Thanks to the size and prominence of the Peterson family as early settlers, the Petersons had a higher chance of creating a large family presence in the tiny town of Cedaredge in the late 19th and early 20th centuries, and they did. McHugh provided a homestead map that shows property owned by six different Petersons, all in the Cactus Park area of Cedar Mesa and all adjacent to each other.
One of those properties was owned by Otto A., who ultimately did homestead on Cedar Mesa in 1911, as the map shows.
A noteworthy offspring of Otto A. was his and Martha Jane’s son, Otto C., who was mentioned regularly in the Champion.
Otto C. was the game warden and the Surface Creek Champion had several documentations of him. In the July 30, 1925 article “OTTO PETERSON IS IN THE LIME LIGHT AGAIN,” Otto C. was accused of inflicting “painful bodily injuries,” and was arrested during the incident, which included a sportsman’s association using dynamite on fish. He was quickly released on a $100 bond after defending himself against those claims.
Another time, Otto C. was shot while searching the premises of a sawmill in search of H.W. Edwards, who had allegedly been suspected of killing deer and protected animals. It was Edwards who shot Otto C. in the shoulder, and he was tried for attempted murder. The Surface Creek Champion indicated that Otto C. recovered quickly in saying, “The wound is healing nicely and he will be on duty again in a few days.”
Otto C. also went on trial for shooting William Besgrove in 1907 in an incident with little documentation in the Champion. His bond was $250 while Besgrove’s was $200 to appear in court.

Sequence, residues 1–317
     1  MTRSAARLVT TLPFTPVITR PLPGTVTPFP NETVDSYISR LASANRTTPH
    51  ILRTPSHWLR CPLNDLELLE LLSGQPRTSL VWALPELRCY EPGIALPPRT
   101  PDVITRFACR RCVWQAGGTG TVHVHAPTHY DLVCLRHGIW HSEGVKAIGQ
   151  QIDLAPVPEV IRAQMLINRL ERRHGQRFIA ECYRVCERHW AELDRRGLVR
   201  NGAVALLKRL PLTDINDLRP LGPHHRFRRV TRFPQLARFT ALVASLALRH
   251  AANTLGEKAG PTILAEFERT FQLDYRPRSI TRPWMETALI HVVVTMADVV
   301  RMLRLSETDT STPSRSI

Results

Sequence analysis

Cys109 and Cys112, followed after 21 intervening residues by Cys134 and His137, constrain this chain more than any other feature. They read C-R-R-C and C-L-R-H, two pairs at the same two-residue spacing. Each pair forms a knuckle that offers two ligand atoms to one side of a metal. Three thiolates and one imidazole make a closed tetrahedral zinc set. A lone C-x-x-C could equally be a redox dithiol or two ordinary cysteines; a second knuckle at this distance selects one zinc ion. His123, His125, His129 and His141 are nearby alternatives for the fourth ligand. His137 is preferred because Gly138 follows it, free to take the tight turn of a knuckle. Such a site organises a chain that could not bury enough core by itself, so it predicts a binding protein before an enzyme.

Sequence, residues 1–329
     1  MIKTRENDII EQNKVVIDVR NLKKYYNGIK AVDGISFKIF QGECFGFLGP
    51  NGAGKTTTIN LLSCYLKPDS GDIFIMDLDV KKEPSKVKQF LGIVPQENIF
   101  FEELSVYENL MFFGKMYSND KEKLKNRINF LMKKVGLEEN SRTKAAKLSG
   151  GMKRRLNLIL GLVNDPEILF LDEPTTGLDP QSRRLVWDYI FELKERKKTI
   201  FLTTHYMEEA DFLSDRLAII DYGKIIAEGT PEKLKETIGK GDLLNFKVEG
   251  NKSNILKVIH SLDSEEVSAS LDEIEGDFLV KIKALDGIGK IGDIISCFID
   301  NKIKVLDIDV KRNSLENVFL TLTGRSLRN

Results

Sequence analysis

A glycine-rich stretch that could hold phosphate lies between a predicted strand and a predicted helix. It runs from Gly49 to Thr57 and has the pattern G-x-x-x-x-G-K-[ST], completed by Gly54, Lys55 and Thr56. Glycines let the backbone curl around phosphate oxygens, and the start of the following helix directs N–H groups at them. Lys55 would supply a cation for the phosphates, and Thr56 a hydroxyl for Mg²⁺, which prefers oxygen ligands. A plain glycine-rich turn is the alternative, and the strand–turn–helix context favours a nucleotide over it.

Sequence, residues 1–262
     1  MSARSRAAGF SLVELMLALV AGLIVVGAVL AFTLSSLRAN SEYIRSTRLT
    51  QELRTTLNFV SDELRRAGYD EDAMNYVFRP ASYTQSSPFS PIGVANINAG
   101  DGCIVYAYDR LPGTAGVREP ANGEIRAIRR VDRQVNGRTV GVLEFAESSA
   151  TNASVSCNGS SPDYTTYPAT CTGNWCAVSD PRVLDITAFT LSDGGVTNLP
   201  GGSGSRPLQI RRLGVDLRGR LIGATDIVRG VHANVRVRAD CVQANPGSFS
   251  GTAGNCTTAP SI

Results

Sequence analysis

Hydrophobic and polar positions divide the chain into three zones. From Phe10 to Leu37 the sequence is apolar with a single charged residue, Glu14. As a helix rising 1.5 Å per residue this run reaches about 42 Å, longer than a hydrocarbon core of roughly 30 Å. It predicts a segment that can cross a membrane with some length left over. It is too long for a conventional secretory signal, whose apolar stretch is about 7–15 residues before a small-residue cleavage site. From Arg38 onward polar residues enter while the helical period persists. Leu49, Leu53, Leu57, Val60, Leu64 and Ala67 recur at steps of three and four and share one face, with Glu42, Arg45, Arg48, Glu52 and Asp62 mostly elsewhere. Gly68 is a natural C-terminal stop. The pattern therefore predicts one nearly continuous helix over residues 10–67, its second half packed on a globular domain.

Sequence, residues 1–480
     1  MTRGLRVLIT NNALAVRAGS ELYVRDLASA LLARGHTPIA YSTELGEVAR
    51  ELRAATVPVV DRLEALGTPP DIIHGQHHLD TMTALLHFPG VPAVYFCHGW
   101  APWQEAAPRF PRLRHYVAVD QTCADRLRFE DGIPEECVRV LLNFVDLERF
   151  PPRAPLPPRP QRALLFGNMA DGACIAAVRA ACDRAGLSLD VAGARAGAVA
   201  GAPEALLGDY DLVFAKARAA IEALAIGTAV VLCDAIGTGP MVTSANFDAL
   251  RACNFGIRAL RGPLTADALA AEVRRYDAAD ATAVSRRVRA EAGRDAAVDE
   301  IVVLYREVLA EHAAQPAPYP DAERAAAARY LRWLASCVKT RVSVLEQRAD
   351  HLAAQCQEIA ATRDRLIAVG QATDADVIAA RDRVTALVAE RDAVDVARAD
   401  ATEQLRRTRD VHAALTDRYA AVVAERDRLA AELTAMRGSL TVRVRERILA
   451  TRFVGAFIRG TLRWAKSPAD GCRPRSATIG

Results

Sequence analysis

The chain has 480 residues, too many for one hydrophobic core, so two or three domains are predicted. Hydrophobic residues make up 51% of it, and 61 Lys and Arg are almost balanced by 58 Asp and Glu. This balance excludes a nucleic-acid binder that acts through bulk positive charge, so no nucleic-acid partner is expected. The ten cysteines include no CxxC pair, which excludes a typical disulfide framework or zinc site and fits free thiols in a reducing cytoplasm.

The Champion referred to Otto C. more than once as “fearless Game Warden Otto C. Peterson.” Otto C. died while still holding the job of game warden at 54 years old. His death was attributed to a blood clot in the heart following a ruptured gallbladder.
In regards to documentation of the other children, McHugh observed at one point that, during a time when the Champion gave occasional school reports on honors and attendance, the Petersons were often mentioned for the latter.
“There was a lot of absenteeism or tardies,” McHugh said. “I’m sure it was hard to get nine kids to school in the morning.”
The Petersons stuck around, to the point that descendants of Otto A. and Martha Jane Peterson are still in the area.
At the time of their deaths, Otto A. and Martha Jane were each recognized by the Surface Creek Champion as original settlers. In the Jan. 29, 1915 issue, the paper notified of Otto August Peterson’s death, saying “At eight o’clock last Friday morning occurred the death of Otto August Peterson, one of the oldest settlers of the valley.”
Martha Jane’s death was 14 years later, as the paper noted on March 28, 1929, “Death took away another of the country’s real pioneers last Friday evening when Mrs. Martha Jane Peterson passed to her reward.”
They were 60 and 72 years old respectively.
All the documentations of the Peterson family can be found in the digital archives of the Surface Creek Champion, which ran from 1904-1943 and can be found in its entirety at coloradohistoricnewspapers.org.
In the coming weeks, the SCVHS hopes to open the Pioneer Town Museum for the season — an opening that was delayed by COVID-19 restrictions. At that time, anyone who wishes can visit that very cabin which housed the Peterson family over a hundred years ago.